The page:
Saturday, January 7, 2012

Canada: towards a two-state solution

In reading up on the last round of spit-ball exchanges between the local council in Attawapiskat and the federal government, I am struck by how far we really are from any realization that "our" native people are not in any way "ours".

Attawapiskat, for those of you who don't remember, is that native reserve way up north where conditions are so deplorable that the community caught the attention of the international media a few months ago. Sub-standard housing, unemployment, an epidemic of substance abuse... Attawapiskat made headlines from Stockholm to Sydney.

The international attention has subsided and now it's back to business as usual, which, long story short, consists of the federal government making the natives grovel for more "help".

I've been pondering this issue for a long time, and I've come to the conclusion that there is a solution; the two state solution. Not a state and a pretend lip-service series of state-reserves scattered here and there, but two independent states.

Before that can happen, our native neighbors have to get their act together. The fact that there are approximately 600 First Nations in Canada is a legacy of colonialist divide and conquer strategies. Dignity and sovereignty aren't going to happen as long as the federal government can get away with dealing with a community of a few thousand here and another few thousand there.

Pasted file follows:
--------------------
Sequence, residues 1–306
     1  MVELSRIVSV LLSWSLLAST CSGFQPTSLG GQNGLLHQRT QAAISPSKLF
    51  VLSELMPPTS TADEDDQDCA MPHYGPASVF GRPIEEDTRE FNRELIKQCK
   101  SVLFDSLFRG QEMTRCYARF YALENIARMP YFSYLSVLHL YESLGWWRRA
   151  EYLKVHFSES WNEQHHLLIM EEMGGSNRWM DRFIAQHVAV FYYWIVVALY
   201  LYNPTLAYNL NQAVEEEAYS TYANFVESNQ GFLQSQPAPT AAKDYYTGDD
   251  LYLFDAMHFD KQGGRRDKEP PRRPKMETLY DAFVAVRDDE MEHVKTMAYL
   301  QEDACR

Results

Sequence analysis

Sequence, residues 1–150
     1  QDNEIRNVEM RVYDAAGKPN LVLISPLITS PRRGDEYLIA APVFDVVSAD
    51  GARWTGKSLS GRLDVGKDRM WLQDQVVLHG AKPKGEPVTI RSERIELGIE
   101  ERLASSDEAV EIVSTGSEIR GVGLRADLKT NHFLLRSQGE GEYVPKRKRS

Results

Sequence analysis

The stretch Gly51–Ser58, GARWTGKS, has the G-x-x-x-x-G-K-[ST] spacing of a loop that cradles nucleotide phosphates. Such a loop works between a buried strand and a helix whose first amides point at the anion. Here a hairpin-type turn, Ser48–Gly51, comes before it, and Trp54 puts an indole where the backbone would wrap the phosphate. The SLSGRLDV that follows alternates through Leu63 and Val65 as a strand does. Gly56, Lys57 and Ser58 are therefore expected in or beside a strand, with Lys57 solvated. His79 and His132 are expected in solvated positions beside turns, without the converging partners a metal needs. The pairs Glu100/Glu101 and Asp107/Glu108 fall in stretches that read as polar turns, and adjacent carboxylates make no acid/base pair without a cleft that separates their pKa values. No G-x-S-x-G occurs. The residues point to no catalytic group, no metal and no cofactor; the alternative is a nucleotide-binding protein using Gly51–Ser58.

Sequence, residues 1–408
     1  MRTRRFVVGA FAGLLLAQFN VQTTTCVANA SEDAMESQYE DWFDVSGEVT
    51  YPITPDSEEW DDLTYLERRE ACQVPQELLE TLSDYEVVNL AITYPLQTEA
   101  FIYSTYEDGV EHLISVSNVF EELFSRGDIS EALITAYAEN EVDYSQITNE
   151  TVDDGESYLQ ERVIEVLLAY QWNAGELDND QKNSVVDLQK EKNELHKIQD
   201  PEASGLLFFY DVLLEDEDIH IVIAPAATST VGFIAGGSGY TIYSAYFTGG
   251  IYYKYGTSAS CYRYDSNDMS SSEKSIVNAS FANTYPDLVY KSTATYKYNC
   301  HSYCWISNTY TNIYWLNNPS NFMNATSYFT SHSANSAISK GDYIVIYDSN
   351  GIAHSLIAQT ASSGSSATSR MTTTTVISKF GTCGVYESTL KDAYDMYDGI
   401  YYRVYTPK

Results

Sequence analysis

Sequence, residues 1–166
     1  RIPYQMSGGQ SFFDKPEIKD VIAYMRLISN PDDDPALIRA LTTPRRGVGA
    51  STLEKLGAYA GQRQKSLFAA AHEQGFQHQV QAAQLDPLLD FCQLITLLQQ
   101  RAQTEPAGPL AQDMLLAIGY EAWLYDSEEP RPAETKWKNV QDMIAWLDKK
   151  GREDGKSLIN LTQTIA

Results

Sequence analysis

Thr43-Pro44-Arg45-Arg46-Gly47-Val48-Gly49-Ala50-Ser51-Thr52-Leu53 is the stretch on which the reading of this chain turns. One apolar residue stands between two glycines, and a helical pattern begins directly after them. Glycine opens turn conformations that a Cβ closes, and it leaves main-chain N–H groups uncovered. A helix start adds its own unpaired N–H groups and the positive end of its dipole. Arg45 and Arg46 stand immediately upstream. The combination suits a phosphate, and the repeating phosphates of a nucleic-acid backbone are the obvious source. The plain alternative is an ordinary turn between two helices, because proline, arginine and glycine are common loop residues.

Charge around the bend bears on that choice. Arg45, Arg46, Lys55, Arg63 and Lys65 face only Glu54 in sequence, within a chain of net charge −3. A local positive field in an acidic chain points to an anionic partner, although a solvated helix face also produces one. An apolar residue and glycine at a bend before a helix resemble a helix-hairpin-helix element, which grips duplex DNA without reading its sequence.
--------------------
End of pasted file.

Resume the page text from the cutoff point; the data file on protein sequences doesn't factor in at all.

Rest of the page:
Those 600 native communities need to be held together under a cohesive central authority, and while there are national umbrella organizations today, they obviously aren't up to the job.

Secondly, non-native Canada needs to recognize that for a sovereign people to thrive, they will require adequate resources. By adequate resources I don't mean welfare cheques. I mean the resources that come with having sovereign control over an equitable share of Canada's land mass.

What is an equitable share? Based on their proportion of the population of what is now Canada, this should be at a very minimum at least five percent of the land mass. That is about a ten-fold increase over the amount of resources natives have today. There may be good sound arguments that will allow a higher figure to be negotiated.

Before there are negotiations there will need to be that central authority that speaks for the aboriginal people, and in no way can it be made up of the hang-around-the-fort types who populate the leadership of national native organizations today.

We've had a system in place that's proven itself detrimental to the First Nations for well over a hundred years. That system seems to work OK for the side that has all the power. Attawapiskat tells us it doesn't work for the other side.

It's time for change.

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